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Food and Recipes Discuss cooking, your favourite foods, and share recipes here.

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Low Carb, high protein casseroles? - February 15th 2017, 12:24 AM

I am not the best cook but I am taking on a new diet plan that consists of low carb and high protein. I'd like to make casseroles since those are relatively easy. I am not super picky. I don't like raw tomatoes or cucumber but other than that it's not an issue.

This diet is supervised by a doctor. I know carbs from fruits and vegetables are okay. It's mainly carbs that are from grain that I am trying to avoid.

Something simple and good would be great.


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Re: Low Carb, high protein casseroles? - February 15th 2017, 02:28 AM

If you're eating eggs (about 0.4 grams of carbs in a raw egg), quiches are an option. You can make them for breakfast, lunch or dinner.
You can throw about 8-11 eggs depending on the size of your crock pot (use as a starting point) and then mix in some veggies, beans (up to you, they do have carbs), meat (if you want), spices and herbs and then let it cook on low for 3-4 hours. If I'm babysitting my cousins, I usually make them in the oven (you use muffin tins to make smaller ones or make it in a pie pan). You can make quiches with crusts (cauliflower crusts are a good option for low carbs, each cup has 5 grams of carbs) but they are also just as good crustless.

Cauliflower crust for pizza is also pretty easy to make and then you can top it however you would like.

This recipe is a nice chilli recipe that I've made for dinner. I use yves veggie ground round instead of the beef though and add other veggies in it like spinach, kale, peppers, sliced carrots and more garlic.

Curry is easy to make and you can make it low carb by omitting starches and using low carb options.

Cabbage wraps are easy to make. You can use beaf/beaf alternative, some veggies, garlic and spices and cook them in a frying pan and blanche the cabbage (about 20 seconds in boiling water) and then spoon some of the mixture on the cabbage and roll.

Spanish rice is good. We use cauliflower to make it usually (low carb) except if it's a special occasion. It's pretty easy to make and takes less than an hour.

Cauliflower rice is pretty easy to make.

You can make stuffed mushrooms, with the cauliflower rice and various veggies like kale, spinach, ect.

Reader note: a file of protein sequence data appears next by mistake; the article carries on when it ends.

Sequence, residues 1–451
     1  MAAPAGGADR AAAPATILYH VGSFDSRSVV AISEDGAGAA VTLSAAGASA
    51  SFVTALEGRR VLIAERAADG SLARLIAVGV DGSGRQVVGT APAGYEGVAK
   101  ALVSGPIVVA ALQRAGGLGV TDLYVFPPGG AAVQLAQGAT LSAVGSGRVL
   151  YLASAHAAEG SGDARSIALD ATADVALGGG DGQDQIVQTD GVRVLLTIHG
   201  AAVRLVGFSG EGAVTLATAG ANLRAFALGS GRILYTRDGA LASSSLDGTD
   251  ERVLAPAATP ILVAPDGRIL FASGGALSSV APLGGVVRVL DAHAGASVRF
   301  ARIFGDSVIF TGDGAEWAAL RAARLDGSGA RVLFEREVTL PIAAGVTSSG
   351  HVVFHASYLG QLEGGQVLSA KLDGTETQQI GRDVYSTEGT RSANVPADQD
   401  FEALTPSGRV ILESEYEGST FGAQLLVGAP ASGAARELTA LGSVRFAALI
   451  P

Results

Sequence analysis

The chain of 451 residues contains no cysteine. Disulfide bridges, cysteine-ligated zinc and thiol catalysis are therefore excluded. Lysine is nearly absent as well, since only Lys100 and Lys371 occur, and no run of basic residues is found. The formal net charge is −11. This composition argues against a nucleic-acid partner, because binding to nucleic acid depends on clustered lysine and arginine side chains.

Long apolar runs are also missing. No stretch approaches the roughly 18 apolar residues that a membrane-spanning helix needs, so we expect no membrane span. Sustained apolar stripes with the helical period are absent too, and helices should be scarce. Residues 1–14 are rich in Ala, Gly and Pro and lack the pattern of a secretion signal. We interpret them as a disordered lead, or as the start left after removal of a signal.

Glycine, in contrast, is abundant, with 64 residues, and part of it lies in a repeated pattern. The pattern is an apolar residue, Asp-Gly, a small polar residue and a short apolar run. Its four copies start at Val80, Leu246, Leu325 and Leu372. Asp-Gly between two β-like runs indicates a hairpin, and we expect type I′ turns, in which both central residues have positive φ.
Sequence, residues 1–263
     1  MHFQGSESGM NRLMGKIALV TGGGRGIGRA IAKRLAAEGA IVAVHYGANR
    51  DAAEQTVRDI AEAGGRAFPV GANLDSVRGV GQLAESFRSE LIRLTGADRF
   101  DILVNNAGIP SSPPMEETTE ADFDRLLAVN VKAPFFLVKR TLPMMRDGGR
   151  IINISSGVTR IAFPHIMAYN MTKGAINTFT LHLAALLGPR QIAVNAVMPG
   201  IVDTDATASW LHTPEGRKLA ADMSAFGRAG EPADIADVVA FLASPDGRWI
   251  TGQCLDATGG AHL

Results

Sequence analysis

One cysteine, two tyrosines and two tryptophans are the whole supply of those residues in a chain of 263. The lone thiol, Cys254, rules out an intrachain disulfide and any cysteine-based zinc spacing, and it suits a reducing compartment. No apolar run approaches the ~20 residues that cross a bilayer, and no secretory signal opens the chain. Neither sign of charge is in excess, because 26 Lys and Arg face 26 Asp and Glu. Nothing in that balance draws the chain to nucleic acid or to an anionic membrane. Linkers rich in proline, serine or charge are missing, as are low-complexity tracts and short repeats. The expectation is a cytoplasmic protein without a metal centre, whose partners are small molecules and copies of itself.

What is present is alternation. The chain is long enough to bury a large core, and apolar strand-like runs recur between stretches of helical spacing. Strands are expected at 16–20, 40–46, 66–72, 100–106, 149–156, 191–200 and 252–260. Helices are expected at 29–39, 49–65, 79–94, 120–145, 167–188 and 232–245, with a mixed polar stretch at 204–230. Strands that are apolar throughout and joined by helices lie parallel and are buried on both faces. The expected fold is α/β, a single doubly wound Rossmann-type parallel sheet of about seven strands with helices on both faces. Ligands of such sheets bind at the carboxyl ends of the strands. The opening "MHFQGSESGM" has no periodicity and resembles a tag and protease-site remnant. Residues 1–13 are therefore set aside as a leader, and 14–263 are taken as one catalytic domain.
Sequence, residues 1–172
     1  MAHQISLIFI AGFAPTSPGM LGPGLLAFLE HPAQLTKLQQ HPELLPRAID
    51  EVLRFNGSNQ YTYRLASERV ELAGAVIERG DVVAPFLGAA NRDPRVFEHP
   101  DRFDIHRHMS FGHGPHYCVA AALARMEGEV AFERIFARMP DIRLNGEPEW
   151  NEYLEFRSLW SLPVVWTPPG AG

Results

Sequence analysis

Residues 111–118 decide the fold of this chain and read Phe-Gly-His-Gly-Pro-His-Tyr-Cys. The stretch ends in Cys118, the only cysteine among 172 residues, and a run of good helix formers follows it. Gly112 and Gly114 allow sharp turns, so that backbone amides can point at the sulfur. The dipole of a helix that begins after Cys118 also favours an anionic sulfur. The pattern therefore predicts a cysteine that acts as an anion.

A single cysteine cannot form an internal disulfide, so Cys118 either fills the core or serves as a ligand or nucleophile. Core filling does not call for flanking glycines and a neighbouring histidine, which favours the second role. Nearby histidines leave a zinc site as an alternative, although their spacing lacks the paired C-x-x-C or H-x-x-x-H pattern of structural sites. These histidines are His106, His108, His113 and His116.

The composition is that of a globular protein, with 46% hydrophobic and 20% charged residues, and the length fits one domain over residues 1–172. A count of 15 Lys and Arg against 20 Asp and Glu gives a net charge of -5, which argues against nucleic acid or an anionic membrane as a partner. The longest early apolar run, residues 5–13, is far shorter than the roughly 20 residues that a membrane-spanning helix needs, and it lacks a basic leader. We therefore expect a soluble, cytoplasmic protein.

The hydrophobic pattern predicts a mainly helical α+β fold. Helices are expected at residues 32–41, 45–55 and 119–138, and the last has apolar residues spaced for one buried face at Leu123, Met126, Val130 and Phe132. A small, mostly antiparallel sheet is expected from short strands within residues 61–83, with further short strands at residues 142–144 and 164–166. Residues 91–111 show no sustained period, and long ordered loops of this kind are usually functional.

Zoodles, spaghetti squash, shirataki noodles are are easy enough to use instead of pasta. You can even make meat balls (we do ground round but you can use beef, with spices and herbs, veggies). Another thing is you can stuff avocado in the middle and that is really good!

Turnip puree is good, cauliflower puree or so is rutabega puree. We roast them in the oven on 400 with loads of garlic and some herbs with avocado oil and then puree it in the food processor with a little soy milk or veggie broth and a dash of butter. You can add veggies like kale, spinach, tomatoes if you want some other veggies as well to make a spin off of mashed potatoes.

Sweet potato bites are good. So are garlic roasted cauliflower with parmesan or nutritional yeast.

Baked kale nacho chips are really good.

Eggplant lasagna is also amazing or stuffed pepper lasagna is also good.

Stuffed peppers are also low carb and you can stuff them with loads of things. We do things like sloppy joes, taco stuffed peppers or enchilada, or with cauliflower rice and veggies with some meatless chicken strips (or actual chicken). You can also make something like this. I've made it before with cauliflower rice and ground round and it was pretty tasty.


I'm sure I'm forgetting things but that's what I can think of off the top of my head.
   
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Re: Low Carb, high protein casseroles? - February 15th 2017, 01:42 PM

What came to mind right away using ideas from my personal meals, I would say salads+ protein would be yummy, easy to prep, fills you up and fits what you're looking for
For instance I make a lot of salads and then add beans, nuts seeds, or tofu pieces.
Soybeans have complete protein but the products are controversial in regards to how it affects estrogen levels.
You can also try adding flaxseeds or chia seeds to your food. Flaxseeds can go well with food. It does have a distinct taste though that people tend to either love or hate. I don't think I've ever tried chia seeds, maybe once but I heard it is healthy and especially for people in need of plant-based protein or extra protein in general.
I am not sure how you are with animal products. I suppose high protein would involve animal products. A hard boiled egg can go a long way.
Contrary to the vegetarian stereotype, I am not going to judge you for eating meats. I would probably say though based on my knowledge, that it is best to aim for chicken or fish rather than red meats.
There's also alternative pastas you can try instead of grains. Those might be more on the expensive side though.
There's soups that you can make with pieces of meets, veggies and stuff like that. No grains necessary.
I hope this helps some
   
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